There are four Fighting Suns from home base and another four from outside clients by Victoria’s Champion first-season sire in 2017-18.  His early crops included stakes performers the calibre of Chess Star, Roccabascerana and Salton Sea who were exported to Hong Kong and Singapore.

Marshall mentioned the Fighting Sun – Ladys Angel colt (Lot 235) as a likely type for local trainers.  Ladys Angel (Arena) won a LR Hall Mark Stakes in Sydney and was Group 1 placed in The Galaxy.

“I really like him.  He’s tough and looks a runner.  He’s correct and light on his feet for such a good sized colt.”

Fighting Sun’s fillies from Fine Bubbles (Lot 171) and Madam Gangster (Lot 256) are both lovely types with top pedigrees to boot.  They should appeal to trainers and to owner-breeders and studs for their residual value.

The Adelaide connection will also be drawn to Sun Stud’s Thronum – Always Discreet filly (Lot 99).  “Everyone knows the Discreet family.  That’s the reason why we’re here.  This filly is a similar type to all the other good members of the family – fast and precocious with the same attitude and temperament.”

Above: Lot 584 Toronado x Dom Perion sold for $460,000 at Melbourne Premier

A filly bred by Gilgai Farm’s Rick Jamieson and sold for $400,000 on the final day of the Melbourne Premier Yearling Sale has been confidently placed in the same bracket as champion mares Black Caviar and Jameka.

Gilgai Farm’s stud manager Kelly Skillecorn rated the filly by Choisir, out of Group 1 New Zealand Thousand Guineas winner Costa Viva, in the top three of any filly they’ve offered at the sales.

“We’ve bought some good fillies here and I would rate her top three and I mean we’ve sold Black Caviar and Jameka here, so hopefully she lives up to them,” Skillecorn said.

After some spirited bidding by Rosemont Stud’s Anthony Mithen, the filly was finally knocked down to powerful Sydney-based trainers Gai Waterhouse and Adrian Bott.

And Skillecorn said the Choisir filly was as good as the Gilgai Farm had offered at Melbourne Premier.

“The last good horse I bought here that I was bragging about was Masked Crusader (Toronado x She’s Got Gears). I was certain he was going to be a good horse. And I am certain she is going to be a good horse.”

Skillecorn said the filly had always been a queen.

“She has been the leader of the mob,” he said.

“She has never had a sick day, she has just thrived the whole time. Gai quizzed me about her, and I half suspected she was on her after asking all those questions.”

Skillecorn said there was no better judge than Waterhouse.

“I am just glad she has gone to a good home, that’s all I worry about,” Skillecorn said.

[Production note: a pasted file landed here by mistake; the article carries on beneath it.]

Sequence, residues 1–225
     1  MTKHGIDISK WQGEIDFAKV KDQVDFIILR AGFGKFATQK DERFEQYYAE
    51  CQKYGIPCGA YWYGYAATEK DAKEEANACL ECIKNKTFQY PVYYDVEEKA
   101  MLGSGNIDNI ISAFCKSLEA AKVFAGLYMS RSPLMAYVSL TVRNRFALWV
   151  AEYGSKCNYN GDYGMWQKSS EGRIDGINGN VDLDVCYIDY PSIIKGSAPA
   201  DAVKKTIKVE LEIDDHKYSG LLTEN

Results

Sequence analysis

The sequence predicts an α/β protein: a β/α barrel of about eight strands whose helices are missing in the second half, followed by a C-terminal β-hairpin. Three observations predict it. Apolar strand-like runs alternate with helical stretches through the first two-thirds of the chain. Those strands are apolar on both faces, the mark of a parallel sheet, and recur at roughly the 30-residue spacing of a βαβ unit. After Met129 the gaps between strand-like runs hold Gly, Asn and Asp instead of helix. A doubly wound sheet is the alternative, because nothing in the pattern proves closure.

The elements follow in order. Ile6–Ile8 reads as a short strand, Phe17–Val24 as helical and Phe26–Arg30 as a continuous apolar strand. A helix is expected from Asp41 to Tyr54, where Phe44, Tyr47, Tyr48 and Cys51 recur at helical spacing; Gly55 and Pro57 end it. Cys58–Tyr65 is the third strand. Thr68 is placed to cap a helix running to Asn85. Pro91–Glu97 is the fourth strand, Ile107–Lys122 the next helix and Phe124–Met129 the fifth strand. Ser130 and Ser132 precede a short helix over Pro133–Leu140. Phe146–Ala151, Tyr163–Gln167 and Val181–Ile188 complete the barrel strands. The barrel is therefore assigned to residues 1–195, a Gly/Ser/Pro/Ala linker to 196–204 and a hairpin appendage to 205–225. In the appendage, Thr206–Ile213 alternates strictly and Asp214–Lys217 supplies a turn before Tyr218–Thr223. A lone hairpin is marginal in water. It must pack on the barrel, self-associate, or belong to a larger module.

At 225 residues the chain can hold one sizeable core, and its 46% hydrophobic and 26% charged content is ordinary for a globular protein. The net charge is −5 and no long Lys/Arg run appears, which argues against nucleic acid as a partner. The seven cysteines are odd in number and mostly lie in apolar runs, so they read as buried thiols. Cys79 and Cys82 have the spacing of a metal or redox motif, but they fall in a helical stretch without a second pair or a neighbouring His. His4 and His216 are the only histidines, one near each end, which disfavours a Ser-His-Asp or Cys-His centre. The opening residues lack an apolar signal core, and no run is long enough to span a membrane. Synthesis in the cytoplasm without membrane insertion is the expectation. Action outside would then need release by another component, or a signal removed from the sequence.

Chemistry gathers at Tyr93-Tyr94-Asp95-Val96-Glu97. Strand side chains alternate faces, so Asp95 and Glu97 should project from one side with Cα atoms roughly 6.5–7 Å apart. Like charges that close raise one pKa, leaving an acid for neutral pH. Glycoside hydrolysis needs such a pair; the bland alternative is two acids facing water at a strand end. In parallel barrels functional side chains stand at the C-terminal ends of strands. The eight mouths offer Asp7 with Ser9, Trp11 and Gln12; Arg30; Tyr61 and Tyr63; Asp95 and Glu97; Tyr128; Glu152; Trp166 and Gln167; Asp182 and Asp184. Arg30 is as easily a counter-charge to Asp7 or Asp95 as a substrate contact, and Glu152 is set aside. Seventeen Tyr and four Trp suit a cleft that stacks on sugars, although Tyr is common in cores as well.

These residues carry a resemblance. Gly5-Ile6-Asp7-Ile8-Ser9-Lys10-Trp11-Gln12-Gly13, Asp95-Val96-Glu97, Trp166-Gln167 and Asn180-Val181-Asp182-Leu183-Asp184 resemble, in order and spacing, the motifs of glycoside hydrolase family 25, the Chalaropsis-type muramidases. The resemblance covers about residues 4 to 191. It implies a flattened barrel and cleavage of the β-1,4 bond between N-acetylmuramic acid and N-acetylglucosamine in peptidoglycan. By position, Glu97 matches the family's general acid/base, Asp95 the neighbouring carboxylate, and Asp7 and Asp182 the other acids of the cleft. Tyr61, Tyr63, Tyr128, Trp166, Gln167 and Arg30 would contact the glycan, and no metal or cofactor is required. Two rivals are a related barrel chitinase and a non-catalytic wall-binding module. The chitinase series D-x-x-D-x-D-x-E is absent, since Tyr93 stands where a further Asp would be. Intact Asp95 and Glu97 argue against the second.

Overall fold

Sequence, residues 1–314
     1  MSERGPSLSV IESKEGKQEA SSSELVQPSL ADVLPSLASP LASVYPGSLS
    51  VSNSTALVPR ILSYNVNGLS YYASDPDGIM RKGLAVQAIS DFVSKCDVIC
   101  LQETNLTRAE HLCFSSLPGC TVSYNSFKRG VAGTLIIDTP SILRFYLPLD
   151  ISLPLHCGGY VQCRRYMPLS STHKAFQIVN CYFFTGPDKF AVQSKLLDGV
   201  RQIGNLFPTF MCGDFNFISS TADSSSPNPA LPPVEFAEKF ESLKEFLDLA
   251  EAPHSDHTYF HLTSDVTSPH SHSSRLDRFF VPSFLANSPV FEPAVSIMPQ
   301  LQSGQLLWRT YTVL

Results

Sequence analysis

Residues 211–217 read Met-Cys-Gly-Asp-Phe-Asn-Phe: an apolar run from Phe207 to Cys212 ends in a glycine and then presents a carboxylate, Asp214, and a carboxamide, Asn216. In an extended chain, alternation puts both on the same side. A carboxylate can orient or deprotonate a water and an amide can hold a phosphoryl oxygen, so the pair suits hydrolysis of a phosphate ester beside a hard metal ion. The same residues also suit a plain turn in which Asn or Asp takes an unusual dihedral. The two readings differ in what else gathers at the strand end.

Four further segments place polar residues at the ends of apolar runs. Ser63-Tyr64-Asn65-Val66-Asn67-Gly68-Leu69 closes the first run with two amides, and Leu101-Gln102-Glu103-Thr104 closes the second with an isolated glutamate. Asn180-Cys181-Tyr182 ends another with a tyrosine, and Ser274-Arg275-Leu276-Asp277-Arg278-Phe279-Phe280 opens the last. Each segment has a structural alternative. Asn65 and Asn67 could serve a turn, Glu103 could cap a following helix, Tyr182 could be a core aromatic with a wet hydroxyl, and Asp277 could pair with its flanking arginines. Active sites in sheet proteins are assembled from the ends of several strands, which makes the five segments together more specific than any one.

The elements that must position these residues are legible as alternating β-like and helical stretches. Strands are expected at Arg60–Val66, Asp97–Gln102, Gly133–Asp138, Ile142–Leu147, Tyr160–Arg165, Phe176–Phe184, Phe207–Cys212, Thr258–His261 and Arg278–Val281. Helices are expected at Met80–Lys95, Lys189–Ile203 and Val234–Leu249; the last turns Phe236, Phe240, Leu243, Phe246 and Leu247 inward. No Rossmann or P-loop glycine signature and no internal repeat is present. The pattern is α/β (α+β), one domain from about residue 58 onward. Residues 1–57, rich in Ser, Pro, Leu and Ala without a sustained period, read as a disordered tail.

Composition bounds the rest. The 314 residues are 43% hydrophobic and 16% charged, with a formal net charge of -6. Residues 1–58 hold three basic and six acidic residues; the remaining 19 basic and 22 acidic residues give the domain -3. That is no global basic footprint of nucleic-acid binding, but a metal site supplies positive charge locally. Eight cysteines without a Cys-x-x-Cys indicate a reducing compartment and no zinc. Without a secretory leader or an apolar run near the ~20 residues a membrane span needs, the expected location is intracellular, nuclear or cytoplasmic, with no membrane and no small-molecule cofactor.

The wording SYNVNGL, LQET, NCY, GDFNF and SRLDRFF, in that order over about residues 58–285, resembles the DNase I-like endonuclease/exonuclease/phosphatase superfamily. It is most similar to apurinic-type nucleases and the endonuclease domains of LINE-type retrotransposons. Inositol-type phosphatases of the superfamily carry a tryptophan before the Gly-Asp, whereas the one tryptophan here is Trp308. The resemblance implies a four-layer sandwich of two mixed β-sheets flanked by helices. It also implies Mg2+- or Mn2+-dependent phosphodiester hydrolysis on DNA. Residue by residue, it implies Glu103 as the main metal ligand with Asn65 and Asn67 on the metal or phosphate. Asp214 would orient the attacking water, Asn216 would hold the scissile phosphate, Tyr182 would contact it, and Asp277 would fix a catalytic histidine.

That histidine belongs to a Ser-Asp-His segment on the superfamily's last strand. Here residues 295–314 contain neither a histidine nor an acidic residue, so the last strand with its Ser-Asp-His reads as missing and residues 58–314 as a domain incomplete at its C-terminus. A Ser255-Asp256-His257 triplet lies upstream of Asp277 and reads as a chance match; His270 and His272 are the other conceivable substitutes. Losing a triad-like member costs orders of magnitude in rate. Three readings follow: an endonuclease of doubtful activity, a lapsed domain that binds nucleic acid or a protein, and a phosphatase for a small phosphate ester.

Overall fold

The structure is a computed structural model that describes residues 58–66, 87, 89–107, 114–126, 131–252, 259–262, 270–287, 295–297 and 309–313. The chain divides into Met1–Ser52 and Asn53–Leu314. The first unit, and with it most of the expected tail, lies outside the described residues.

“She was a popular filly, and two very good judges were on her. Rosemont were having a good crack and Gai is obviously one of the best.

“The cross is 25 per cent stakes winners to runners and I wouldn’t imagine he (Choisir) hasn’t bred too many Group 1 winning mares by Encosta so it’s the first foal Rick has bred out of the mare.

“We bought her in foal carrying a Pride of Dubai and was bought to go to Choisir. He was a proper mating in Rick’s mind, and we’ve got a colt foal at foot out of her to follow by Choisir as well.

“She is not in foal this year and is going to Ole Kirk next season. He rested her. He breeds four foals in a row. If he gets four foals in a row, then he gives them a year off. She is going to Ole Kirk this year.

“She is a gorgeous filly.

Bott and Waterhouse’s sales and bloodstock manager Claudia Miller said they rated the daughter of Choisir as the standout filly of the sale.

She described Jamieson as an incredible breeder and said the Choisir and Encosta de Lago cross was exceptional.

“She was a no brainer for us,” Miller said.

“She was on our radar from day one.

“As I said the cross was exceptional and we were prepared to go strong for her.”

Miller said with the dam being a Thousand Guineas winner, the filly would probably take a bit of time.

And it wasn’t only the big breeders who had success at the sale.

Blue Gum Farm, which provided the sale topper with $1.1 million for a Written Tycoon colt out of Gybe, had the highest aggregate with $5.205 million at an average of $208,200. They sold 25 of their 29 yearlings.

Yulong continued its growth in the breeding industry by finishing the premier session with an aggregate of $3.360 million at an average of $210,000. They sold 16 of the 20 yearlings they offered.

With a top lot of $700,000, one of $520,000 and two of $300,000 – it’s also been a successful sale for Yulong.

“It was a great lead up and we are really pleased with the way the sale has gone,” Yulong’s chief operating officer Sam Fairgray said.

“We had a great result with the Shalaa colt ($700,000). Coming into the sale we knew he was a nice colt and as momentum built through the sale there were a lot of good judges on him.

“It’s great that he has gone to a good young trainer in Matt Laurie and then it was nice to follow it up with the Siyouni colt ($520,000) and once again he was very popular.